What's The Right Amount Of Rotation In Your Stroke?

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One of the most common emails we get at Swim Smooth is from swimmers wondering how much rotation (also called "body roll") they should have in their stroke. There certainly is a lot of confusion out there about this and there has been some wildly differing opinions from coaches over the years:

- In the 1990s a movement started telling swimmers to rotate to 90° on their side every stroke to "swim like a fish" and to remain in this position for as long as possible between strokes. Although this has now been recognised as too much rotation, you can still find this advice given in books and DVDs today.

- Other coaches have instructed swimmers to rotate as little as possible. In fact one of our swimmers in our squads in Perth tells how she learnt to swim freestyle with the Red Cross in the 1960s and the instructor would walk alongside the pool with a stick and rap her over the head if she didn't swim completely flat!

What's the right amount of rotation? Let's answer this question by looking at some footage of elite swimmers. Here's double Olympic Gold Medallist Rebecca Adlington at the point of maximum rotation in her stroke (you can click the images to expand):

You can see how she's rotating to about 45 degrees; from a side angle you can see that she's doing this from both her shoulders and hips, she's not twisting through the core:

There are some quite technical debates in swim coaching about whether the hips stay a little flatter than the shoulders but if you think about stretching tall through your core and rotating your whole body (including your legs) this will give you the right outcome for distance swimming.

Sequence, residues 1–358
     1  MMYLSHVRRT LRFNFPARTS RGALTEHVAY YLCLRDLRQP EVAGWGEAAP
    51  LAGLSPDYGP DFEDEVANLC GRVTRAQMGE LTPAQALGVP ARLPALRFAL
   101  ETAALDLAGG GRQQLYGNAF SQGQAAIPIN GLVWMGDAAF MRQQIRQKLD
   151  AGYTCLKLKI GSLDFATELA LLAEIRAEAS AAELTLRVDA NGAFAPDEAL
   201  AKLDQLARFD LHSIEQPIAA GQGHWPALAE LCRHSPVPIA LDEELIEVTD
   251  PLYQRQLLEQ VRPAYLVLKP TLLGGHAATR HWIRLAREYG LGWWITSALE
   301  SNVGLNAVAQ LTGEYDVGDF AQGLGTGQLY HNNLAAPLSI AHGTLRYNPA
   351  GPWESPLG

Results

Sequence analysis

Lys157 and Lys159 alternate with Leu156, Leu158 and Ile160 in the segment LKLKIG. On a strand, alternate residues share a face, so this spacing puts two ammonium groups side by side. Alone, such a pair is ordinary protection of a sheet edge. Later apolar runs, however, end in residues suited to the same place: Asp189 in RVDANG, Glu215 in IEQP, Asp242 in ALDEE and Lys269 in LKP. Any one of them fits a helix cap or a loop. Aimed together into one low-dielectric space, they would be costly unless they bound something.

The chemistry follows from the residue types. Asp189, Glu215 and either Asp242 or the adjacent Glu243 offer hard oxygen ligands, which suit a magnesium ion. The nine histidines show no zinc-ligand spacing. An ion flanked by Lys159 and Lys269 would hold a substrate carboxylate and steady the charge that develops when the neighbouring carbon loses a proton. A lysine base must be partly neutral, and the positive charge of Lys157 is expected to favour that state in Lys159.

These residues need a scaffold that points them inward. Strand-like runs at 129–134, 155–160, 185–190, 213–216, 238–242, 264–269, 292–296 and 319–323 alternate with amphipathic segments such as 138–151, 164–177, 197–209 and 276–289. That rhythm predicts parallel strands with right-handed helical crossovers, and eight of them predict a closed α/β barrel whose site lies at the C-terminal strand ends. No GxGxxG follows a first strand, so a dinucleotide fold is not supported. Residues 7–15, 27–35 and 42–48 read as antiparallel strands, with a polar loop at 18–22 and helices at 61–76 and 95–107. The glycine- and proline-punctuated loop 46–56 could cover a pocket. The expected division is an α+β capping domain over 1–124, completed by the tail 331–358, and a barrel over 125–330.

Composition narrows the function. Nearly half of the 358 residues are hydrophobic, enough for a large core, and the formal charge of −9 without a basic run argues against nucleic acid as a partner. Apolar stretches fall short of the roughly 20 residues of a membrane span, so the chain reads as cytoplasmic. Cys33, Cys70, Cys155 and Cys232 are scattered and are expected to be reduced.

Rotation is an important part of your stroke technique as it allows you to develop a high elbow catch like Rebecca's while engaging the large muscles of the back and core to power the stroke. Good rotation also reduces the forces through the shoulder joint (lowering the risk of injury) and allows the arms to recover easily over the surface.

Nearly every swimmer rotates a little more when they breathe, even Rebecca:

The fact that breathing tends to drive rotation in the stroke is the main reason why we recommend you breathe to both sides regularly. Swimmers who only breathe to one side tend to have poor rotation on the non-breathing side and the simplest way you can correct this is to introduce breathing to your bad side.

However, be very wary of over-rotating when breathing. This swimmer has rotated fully onto his side as he takes a breath, causing him to scissor kick his legs apart to stabilise himself:

Does the amount of rotation depend on your stroke style? Sometimes but not as much as you might expect. Here's 7 time World Marathon Swimming Champion Shelley Taylor Smith displaying the shorter punchier 'Swinger' stroke style used by many elite open water swimmers and triathletes:

Above the water Shelley doesn't appear to rotate that much with the recovering arm swinging around the side (top photo) but this is deceptive. Below the water we can see that in fact she's rotating nicely to 45 degrees on every stroke.

Your Rotation